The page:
Date of Graduation


Document Type


Degree Type



Eberly College of Arts and Sciences



Committee Chair

Dennis Allen

Committee Co-Chair

Lisa DiBartolomeo

Committee Member

Adam Komisaruk

Committee Member

John Lamb

Committee Member

Lisa Weihman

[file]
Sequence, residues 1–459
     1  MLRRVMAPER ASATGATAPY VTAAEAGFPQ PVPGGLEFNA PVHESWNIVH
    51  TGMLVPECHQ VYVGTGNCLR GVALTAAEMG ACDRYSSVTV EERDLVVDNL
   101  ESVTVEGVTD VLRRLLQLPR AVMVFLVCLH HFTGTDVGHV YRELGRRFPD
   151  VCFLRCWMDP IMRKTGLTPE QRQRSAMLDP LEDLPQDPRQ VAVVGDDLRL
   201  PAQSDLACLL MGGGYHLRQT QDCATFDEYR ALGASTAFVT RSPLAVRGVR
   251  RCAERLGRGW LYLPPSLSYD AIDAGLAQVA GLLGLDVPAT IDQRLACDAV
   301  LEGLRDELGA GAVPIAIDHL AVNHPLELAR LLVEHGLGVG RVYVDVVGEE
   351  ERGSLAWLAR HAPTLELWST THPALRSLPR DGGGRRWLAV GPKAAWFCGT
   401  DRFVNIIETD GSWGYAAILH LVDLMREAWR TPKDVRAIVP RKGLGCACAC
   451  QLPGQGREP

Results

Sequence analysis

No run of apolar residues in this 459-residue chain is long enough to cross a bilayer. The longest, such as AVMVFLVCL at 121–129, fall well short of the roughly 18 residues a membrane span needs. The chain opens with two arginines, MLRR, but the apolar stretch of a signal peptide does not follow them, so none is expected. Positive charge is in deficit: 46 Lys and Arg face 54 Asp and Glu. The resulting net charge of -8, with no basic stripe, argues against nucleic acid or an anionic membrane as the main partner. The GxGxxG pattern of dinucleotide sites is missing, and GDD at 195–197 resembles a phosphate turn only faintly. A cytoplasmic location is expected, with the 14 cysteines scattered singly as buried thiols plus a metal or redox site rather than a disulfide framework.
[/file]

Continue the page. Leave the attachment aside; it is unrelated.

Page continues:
This dissertation analyzes four late-Victorian imperial Gothic novels which focus on the British search for forbidden knowledge held by foreign and ancient Others. I demonstrate how the devastating outcomes of these tales illustrate the crisis of epistemology and undecidability felt by Victorians (often subconsciously) in relation to medico-legal policies like the colonial Contagious Diseases Acts and imperial campaigns such as the military intervention in 1880s Egypt to secure control of the Suez Canal. A chapter on Rider Haggard's She (1886-7) highlights the use of an (ultimately effective) Egyptian curse against the seemingly superior power of the imperialist; the ostensibly immortal Ayesha believes she has mastered the secret knowledge of the Other only to find herself destroyed by her arrogance and ignorance. This narrative of Egyptian, Arab, and British characters serves as a metaphor for the 1880s Egyptian Question---one in which Haggard advises wariness. A chapter on Richard Marsh's The Beetle (1897) examines concerns about sexual knowledge, contamination, and the fear of the colonial prostitute. I reveal how the novel supports the continuation of the colonial Contagious Diseases Acts as it portrays syphilitic contagion and the psychological, as well as physical, breakdown into irrational states from exposure to the colonial woman. A chapter on Bram Stoker's The Jewel of Seven Stars (1903) argues that the novel portrays hybridity as a force of menacing mimicry upon Victorian tomb-raiding Egyptologists. The ambiguity espoused in both the dissimilar 1903 and 1912 editions of the novel attest to the inability to truly know anything for certain and cautions against the flawed arrogance of such assuredness, particularly when it relies on the exploitation of archeological artefacts from colonized lands. The final chapter on Arthur Machen's The Great God Pan (1894) reveals that the search for forbidden knowledge can expose one to a terrifying world beyond language, rationality, and epistemology into a queered phenomenology. The fundamental anxiety underlying all these texts is not merely the potential fallibility of Western knowledge and Europeans' ability to coopt the knowledge of the Other, but also the terrifying encounter with the Real---the traumatic kernel outside epistemology and symbolization itself.